Community organisations

In rural areas, the two main stakeholder organisations at community level in OWNP implementation are the WASH Committee (WASHCO) and Health Development Army (HDA). (You read about these in Study Sessions 7 and 6 respectively.)

Can you explain the difference between the HDA and WASCHCOs?

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The HDA is a team of up to 30 households in the same neighbourhood. These teams comprise ‘1 to 5 networks’ which each consist of six team members, led by a model family with women representatives from five other families. The HDA works with Health Extension Workers (HEWs) to motivate families to adopt healthy behaviour. WASHCOs are a team composed of 5–6 members of a community who look after a specific water point. They are responsible for the overall operation and maintenance of the water scheme.

Each are involved in different but related aspects of the OWNP. In some locations, associations of WASHCOs are expected to plan, manage, operate and maintain water points. Health Development Armies are responsible for planning, managing, operating and maintaining household and public latrine sanitation facilities in their kebele. Members of the HDA working with HEWs are important in promoting sanitation and hygiene practices among households in communities.

Community ownership and management of the improved WASH facilities is important for enhancing impact and sustainability; a principle that is clearly illustrated in Case Study 9.1.

Case Study 9.1 Dalocha Women Water Development Association

Water supply in the Dalocha woreda, in the Silti Zone of the SNNPR has been greatly improved since the development of the Dalocha Women Water Development Association (DWWDA). The DWWDA has been responsible for water supply in the woreda since 1998. The water system has a network of three springs, seven boreholes, eight reservoirs, 75 km of pipeline and 48 water kiosks serving over 127,000 people (Figure 9.4). The unusual aspect of this project is that it is managed and led entirely by women. The project was initiated by the INGO ActionAid with the approach that, as women had responsibility for fetching water, they would be more concerned about the proper functioning and sustainability of the water system. They established an organisational structure for the DWWDA that consists of a General Assembly with 178 women and an Executive Board of 16 women drawn from the General Assembly representing the 16 Water Committees responsible for managing day-to-day matters. ActionAid provided regular training for the women in basic literacy and in more specialised subjects of management and administration, financial regulations, water regulations, water and health, gender and protection of the water network.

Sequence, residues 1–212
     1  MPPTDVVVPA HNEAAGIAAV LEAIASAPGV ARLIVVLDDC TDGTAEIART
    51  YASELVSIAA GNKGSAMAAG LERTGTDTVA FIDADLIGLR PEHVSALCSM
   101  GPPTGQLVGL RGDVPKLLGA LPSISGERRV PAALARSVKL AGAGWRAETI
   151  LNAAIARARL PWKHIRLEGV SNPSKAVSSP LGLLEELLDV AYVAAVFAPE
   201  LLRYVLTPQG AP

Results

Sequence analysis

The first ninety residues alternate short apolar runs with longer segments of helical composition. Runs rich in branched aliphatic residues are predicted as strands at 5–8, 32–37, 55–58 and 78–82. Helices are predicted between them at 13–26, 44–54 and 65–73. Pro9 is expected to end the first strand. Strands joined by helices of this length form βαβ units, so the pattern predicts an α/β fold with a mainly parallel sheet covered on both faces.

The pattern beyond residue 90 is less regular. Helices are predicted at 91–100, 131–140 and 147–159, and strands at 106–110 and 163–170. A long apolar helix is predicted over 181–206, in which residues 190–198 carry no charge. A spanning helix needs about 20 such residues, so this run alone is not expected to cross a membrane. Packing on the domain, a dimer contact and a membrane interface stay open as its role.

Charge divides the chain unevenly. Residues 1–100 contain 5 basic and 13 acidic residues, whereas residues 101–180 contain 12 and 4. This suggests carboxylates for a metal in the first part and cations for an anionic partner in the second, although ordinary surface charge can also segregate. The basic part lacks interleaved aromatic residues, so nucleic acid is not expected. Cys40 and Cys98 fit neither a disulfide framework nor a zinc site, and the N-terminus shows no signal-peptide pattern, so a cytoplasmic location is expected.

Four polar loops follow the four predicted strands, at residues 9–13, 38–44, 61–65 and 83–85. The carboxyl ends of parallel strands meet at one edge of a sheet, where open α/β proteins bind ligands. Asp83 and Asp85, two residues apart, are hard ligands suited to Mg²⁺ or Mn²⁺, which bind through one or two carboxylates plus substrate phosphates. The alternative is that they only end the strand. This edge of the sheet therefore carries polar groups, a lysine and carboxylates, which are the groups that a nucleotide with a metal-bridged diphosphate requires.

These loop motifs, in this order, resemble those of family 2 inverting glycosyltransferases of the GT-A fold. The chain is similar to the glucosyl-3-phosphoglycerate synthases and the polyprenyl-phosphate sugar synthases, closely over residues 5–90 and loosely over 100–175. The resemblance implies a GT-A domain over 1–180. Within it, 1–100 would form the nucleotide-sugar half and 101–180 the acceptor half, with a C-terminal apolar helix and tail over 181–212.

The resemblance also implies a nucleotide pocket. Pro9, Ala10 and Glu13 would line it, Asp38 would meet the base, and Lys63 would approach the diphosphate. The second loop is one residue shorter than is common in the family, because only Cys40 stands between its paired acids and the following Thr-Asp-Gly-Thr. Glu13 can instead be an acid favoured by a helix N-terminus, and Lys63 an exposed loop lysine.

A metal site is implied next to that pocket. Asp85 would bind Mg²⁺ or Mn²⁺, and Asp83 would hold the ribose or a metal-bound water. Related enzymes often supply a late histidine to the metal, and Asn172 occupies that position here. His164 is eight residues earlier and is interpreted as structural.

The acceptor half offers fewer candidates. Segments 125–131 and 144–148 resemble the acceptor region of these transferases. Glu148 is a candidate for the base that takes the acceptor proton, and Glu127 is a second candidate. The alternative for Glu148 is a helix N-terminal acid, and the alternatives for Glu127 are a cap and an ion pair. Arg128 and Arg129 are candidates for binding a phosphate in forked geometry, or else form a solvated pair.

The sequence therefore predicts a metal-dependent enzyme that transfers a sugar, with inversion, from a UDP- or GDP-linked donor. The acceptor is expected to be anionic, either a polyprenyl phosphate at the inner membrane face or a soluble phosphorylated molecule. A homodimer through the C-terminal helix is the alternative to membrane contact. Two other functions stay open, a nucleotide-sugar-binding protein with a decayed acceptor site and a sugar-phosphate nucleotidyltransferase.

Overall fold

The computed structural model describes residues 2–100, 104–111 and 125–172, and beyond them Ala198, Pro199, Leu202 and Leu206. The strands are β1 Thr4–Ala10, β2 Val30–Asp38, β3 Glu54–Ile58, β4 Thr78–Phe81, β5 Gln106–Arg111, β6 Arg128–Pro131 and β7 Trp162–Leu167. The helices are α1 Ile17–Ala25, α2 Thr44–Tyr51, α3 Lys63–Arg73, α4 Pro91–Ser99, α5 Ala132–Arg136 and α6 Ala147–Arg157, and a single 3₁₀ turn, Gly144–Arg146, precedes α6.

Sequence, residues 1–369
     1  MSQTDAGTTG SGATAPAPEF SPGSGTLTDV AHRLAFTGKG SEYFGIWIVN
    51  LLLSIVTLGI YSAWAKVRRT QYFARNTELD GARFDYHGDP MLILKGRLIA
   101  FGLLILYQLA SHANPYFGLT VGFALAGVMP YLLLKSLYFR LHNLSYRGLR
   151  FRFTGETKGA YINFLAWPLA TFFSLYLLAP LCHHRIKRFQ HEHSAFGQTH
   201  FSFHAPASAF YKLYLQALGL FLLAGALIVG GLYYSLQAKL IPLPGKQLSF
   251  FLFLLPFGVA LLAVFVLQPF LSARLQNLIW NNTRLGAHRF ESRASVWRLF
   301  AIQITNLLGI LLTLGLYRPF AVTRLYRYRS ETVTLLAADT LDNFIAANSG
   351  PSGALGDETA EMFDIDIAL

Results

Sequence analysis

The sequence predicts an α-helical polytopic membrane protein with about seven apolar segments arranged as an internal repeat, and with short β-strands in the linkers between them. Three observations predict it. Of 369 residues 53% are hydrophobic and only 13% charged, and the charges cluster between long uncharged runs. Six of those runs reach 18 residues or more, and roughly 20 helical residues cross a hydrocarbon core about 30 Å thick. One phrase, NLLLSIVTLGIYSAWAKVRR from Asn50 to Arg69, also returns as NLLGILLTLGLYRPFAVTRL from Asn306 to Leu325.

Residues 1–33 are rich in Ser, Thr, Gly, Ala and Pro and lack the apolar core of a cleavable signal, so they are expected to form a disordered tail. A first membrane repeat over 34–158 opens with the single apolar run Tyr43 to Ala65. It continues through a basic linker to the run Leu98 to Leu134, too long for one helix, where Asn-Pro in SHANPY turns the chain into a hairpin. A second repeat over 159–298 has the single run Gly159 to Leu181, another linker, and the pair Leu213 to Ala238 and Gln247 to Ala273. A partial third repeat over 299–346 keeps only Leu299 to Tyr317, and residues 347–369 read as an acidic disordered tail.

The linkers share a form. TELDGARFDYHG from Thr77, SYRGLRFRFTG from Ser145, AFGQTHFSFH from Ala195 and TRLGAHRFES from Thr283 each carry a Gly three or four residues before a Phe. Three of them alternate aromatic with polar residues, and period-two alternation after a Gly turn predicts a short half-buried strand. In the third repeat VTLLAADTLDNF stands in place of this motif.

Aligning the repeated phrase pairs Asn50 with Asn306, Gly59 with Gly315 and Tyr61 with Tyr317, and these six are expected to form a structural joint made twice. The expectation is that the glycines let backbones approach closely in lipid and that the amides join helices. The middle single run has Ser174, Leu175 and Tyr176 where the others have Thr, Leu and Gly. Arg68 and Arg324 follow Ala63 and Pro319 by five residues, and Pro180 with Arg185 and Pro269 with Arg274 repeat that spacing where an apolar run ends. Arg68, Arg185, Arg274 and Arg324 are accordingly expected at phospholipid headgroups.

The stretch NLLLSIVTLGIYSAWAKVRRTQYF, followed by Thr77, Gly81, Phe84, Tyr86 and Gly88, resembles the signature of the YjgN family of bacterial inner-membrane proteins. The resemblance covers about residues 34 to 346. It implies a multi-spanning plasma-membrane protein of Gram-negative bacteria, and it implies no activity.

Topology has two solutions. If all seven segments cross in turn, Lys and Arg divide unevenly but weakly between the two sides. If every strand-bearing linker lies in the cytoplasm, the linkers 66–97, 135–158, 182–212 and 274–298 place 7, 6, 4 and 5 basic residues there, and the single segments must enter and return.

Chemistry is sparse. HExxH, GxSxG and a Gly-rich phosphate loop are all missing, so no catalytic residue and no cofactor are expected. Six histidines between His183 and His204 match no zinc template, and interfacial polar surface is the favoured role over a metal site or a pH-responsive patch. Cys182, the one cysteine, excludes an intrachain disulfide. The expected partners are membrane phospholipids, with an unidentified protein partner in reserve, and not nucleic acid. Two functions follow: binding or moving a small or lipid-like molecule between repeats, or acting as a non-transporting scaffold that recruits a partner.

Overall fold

Figure 9.4 Women fetching water from a DWWDA water kiosk.

This improved water supply project has brought many advantages, including better health for all. Women no longer have to spend hours fetching water, and girls’ school enrolment has increased. Encouraging these women to take leadership roles has also brought other significant benefits. The DWWDA is recognised as a significant stakeholder in the woreda. Despite initial scepticism from some communities and officials, the women have demonstrated their capabilities as managers and leaders over several years. This has empowered them to take on other roles and has changed attitudes to women’s capabilities in communities and in homes. The DWWDA has been so successful that it has been used as a model for other projects, and ActionAid has started ten similar women-led water development associations elsewhere in Ethiopia (Berhane, 2014).

(Adapted from Pratt and Earle, 2004 and ActionAid, 2012)

Which of the principles and cross-cutting issues that you have read about so far in this Module are demonstrated in Case Study 9.1?

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Gender mainstreaming is clearly a dominant feature of this story, with women leading the association. The success of the association over several years indicates it is a sustainable scheme. It is clearly a decentralised and participatory project that has empowered the women in the communities. Training and capacity building has enabled the women to take on new responsibilities and be successful leaders and managers.

Last modified: Wednesday, 24 August 2016, 4:38 AM